On this dayJul 31, 1919

White Mobs Attack Chicago’s Black Communities

Before noon on July 31, 1919, angry white mobs had started more than thirty fires in the African American residential area of Chicago. These instances of arson were part of an extended barrage of violence perpetrated against Chicago’s black community in the summer of 1919 – a season that came to be known as “Red Summer” for the extensive racial violence that erupted in major cities throughout the country during that season. The five days of riots and attacks that upended Chicago are widely considered the worst of the Red Summer race riots.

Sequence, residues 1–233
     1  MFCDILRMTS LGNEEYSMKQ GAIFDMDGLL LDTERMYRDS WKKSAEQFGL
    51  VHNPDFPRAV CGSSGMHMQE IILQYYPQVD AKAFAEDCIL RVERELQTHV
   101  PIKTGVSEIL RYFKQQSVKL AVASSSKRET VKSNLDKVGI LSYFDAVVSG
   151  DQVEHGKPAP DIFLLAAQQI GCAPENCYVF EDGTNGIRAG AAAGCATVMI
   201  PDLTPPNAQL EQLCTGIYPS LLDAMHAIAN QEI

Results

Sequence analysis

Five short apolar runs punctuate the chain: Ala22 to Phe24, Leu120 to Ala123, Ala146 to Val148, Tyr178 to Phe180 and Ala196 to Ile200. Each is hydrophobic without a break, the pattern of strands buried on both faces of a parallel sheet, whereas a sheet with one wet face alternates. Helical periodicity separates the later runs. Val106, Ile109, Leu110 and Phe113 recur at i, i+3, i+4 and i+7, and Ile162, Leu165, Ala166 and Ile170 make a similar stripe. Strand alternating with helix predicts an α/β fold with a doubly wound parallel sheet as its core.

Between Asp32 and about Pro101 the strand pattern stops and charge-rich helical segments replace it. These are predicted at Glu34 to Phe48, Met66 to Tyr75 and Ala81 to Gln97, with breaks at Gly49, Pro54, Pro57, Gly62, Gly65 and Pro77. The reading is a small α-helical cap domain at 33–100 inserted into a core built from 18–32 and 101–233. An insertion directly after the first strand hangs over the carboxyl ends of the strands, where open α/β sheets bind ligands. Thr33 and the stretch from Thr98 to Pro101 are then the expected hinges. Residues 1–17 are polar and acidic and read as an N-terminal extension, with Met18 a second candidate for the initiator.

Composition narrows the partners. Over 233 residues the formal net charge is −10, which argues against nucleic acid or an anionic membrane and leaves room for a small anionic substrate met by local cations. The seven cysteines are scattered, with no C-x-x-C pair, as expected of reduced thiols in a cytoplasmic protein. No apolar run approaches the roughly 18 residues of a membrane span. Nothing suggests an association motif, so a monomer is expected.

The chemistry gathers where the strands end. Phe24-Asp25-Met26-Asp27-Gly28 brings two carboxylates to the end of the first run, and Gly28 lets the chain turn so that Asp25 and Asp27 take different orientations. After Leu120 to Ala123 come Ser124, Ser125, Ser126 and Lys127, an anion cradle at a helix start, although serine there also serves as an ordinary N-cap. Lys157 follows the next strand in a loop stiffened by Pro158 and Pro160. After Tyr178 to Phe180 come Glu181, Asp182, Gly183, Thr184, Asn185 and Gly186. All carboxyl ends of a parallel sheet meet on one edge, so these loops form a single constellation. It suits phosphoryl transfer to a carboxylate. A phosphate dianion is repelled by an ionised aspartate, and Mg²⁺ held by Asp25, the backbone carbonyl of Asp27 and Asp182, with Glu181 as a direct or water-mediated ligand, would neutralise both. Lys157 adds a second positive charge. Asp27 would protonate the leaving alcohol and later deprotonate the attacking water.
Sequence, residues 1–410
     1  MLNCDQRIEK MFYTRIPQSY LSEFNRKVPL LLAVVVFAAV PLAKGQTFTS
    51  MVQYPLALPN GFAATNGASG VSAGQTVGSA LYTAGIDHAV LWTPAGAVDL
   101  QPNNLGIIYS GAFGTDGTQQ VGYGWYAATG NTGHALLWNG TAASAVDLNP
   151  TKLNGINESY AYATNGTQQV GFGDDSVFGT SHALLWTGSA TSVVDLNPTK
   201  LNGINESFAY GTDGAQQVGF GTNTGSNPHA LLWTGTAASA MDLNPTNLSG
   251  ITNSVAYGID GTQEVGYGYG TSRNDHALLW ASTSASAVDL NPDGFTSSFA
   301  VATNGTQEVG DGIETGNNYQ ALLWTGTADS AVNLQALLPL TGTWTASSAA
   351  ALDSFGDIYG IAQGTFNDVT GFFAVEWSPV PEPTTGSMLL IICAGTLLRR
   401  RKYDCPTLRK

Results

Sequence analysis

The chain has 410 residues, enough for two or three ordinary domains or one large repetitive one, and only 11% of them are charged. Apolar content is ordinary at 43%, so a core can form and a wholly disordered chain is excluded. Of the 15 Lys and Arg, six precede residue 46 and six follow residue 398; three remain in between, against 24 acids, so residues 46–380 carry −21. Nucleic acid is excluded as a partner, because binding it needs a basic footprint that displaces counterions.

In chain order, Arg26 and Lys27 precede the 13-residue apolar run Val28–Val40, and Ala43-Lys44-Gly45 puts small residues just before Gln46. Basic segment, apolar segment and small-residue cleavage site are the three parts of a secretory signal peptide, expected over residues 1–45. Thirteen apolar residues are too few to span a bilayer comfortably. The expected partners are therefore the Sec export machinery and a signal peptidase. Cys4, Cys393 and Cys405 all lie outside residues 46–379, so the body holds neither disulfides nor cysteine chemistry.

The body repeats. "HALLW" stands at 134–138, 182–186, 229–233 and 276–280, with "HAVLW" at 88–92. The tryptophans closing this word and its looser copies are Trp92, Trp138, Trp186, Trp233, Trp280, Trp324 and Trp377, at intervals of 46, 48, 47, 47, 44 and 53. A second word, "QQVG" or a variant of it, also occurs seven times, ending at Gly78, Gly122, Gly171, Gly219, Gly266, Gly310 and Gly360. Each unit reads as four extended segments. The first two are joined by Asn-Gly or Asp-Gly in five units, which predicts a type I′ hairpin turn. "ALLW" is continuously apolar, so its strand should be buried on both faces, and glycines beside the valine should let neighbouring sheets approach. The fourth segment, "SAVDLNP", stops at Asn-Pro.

The Chicago Riots began on July 27, 1919, after Eugene Williams, an African American teenager, drowned in Lake Michigan after being struck in the head by a rock thrown by a white man angry that Williams and friends had drifted into the “white side” of the beach. Responding police refused to arrest the white man who was identified as having thrown the rock, and instead arrested a black man at the scene. Black onlookers complained they were met with violence, and widespread rioting between African American and white Chicagoans soon spread throughout the city’s black residential areas.

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